Hannover House is pleased to announce that it is now shipping (and invoicing) it's largest Walmart order of the year>>> the January 7th new release title, "THE AMITYVILLE ASYLUM." Fingers crossed, as the last Amityville DVD release sold over $2.5-MILLION worth of videos at Walmart...! Will consumers react with the same enthusiasm? Only time will tell. Meanwhile, "it's beginning to feel a lot like Christmas" as they say, here at Hannover House, as a lot of hard work is finally paying off! Check it out, and see the nice essay below on the Amityville Legend.
The Amityville Legend:
When Walls Can Talk
By Cambron Clark
In the early morning of November 14, 1974, six members of the DeFeo family were brutally murdered -- inciting a terror that cloaks the Long Island town of Amityville to this day. Though the basic facts surrounding the suburban slaughter are well-established, the most disturbing details have yet to be proven.
Around 3:00 A.M., 23-year-old Ronald DeFeo Jr. shot and killed his sleeping father, mother, two younger brothers and two younger sisters in their home. After admitting to slaying his family with eight separate blasts from a .35-caliber rifle, DeFeo testified that voices from the house called him to commit the crime.
Nearly one year after the massacre, DeFeo was found guilty and sentenced to six consecutive life sentences in Green Haven Correctional Facility. However, the closing of DeFeo’s case was only the beginning of the legend that would ultimately surround the shore-side home in Suffolk County.
One month following DeFeo’s conviction, two newlyweds, George and Kathy Lutz, purchased the three-story Dutch Colonial-style home at 112 Ocean Avenue. Within moments of moving in, the couple and their three children encountered paranormal incidents occurring around the property.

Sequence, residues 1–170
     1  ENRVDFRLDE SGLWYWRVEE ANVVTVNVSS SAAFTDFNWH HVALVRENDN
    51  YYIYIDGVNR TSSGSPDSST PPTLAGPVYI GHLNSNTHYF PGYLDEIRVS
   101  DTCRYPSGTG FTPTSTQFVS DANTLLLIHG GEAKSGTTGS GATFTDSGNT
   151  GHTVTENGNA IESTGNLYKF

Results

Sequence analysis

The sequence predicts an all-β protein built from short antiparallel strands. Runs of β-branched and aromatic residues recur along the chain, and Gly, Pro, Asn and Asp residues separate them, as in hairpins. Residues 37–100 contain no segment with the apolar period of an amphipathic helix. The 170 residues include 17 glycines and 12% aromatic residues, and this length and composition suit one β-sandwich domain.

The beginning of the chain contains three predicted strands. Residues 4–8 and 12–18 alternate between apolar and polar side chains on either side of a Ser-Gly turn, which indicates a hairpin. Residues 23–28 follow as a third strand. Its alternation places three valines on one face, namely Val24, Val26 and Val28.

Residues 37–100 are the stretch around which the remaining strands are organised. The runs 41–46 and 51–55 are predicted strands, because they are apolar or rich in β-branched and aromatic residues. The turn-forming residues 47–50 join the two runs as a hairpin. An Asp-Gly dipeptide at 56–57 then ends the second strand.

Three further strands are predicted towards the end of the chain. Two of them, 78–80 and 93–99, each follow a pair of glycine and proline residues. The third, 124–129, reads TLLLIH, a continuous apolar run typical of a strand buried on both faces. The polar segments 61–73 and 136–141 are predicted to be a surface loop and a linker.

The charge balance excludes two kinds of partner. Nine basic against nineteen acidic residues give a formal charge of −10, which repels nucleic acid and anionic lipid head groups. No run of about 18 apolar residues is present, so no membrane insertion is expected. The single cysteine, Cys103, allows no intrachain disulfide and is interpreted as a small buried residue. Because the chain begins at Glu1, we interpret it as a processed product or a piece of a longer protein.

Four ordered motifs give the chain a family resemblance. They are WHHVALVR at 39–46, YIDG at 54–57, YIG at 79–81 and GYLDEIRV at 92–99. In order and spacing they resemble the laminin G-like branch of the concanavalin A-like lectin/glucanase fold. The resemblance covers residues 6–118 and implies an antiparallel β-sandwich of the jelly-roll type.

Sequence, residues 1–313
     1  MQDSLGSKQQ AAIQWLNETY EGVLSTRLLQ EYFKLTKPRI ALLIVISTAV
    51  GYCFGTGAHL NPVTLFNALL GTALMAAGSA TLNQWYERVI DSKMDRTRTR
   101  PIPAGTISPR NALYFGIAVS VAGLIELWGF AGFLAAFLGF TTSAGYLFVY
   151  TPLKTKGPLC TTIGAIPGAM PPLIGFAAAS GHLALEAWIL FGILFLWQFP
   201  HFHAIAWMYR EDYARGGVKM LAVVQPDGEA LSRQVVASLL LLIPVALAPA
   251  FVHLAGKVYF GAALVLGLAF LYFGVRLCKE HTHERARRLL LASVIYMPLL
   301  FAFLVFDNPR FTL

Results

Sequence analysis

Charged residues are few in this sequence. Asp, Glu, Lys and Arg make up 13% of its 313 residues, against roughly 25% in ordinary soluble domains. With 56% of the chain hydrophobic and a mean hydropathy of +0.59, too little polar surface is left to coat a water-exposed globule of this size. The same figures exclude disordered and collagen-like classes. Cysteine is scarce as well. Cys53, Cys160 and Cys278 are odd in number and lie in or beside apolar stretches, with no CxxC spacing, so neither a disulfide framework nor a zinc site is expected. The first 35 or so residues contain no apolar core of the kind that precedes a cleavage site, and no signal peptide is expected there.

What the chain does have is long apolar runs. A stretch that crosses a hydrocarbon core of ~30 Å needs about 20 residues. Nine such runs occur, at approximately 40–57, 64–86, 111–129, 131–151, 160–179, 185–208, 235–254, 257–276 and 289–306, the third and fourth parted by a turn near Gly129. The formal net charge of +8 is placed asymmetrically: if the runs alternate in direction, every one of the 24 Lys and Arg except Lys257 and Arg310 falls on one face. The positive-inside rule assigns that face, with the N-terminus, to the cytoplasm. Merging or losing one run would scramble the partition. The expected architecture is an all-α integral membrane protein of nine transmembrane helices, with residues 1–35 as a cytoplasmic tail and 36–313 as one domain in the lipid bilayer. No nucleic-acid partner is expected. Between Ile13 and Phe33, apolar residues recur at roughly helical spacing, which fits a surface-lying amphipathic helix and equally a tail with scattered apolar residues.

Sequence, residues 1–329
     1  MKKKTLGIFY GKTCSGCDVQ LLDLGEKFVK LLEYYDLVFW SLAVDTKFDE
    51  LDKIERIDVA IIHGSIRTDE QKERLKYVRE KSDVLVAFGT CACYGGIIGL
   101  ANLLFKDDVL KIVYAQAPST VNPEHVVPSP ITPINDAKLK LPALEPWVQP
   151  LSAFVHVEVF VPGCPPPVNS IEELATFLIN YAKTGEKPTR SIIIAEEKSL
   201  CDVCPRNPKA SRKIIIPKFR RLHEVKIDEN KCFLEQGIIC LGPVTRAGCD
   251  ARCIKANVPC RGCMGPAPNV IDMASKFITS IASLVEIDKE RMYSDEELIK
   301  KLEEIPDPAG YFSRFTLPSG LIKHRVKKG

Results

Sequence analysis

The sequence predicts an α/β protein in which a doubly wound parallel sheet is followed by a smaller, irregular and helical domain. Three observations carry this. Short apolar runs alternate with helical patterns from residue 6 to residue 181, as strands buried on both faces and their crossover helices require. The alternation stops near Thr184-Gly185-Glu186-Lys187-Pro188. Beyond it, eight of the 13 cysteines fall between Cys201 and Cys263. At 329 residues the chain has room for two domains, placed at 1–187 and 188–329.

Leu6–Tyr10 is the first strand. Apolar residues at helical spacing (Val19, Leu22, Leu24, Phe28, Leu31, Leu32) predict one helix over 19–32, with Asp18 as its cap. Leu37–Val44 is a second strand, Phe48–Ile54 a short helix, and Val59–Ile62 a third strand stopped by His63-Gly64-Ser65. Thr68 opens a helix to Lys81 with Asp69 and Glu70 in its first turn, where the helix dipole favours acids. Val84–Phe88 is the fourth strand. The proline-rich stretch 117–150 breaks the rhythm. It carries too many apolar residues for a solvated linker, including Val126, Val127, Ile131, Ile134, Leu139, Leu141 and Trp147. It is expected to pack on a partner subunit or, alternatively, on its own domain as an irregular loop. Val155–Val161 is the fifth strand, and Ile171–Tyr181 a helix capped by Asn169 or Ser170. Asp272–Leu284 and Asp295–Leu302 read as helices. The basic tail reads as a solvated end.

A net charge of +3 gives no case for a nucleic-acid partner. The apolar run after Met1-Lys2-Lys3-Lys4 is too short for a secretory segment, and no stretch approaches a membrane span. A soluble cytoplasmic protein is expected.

According to the Lutz family, swarms of flies blotted the bedroom windows, sounds of shuffling and screams echoed from the home’s foundation, and doors and windows creaked open and closed near the times of the DeFeo family murders. Like Ronald DeFeo, the Lutz children testified to speaking to a grotesque spirit who claimed she would live in the house forever. After 28 days, the Lutz family fled their Amityville home in the early morning – never to return.
Historians, psychics and scientists have all traveled to the ominous Amityville residence in recent years. Some claim the house resides on a massive Native American burial ground. Some believe an escapee from the Salem witch-hunts had once practiced demonic rituals on the land. Others would like to believe that the alleged paranormal happenings are best suited for campfire stories.
Whether fact or fiction, the Amityville legend lives on. Decades after the murders, the house itself still stands - serving as a mysterious reminder of eight gunshots, six murders and one chilly November night in the quiet village of Amityville.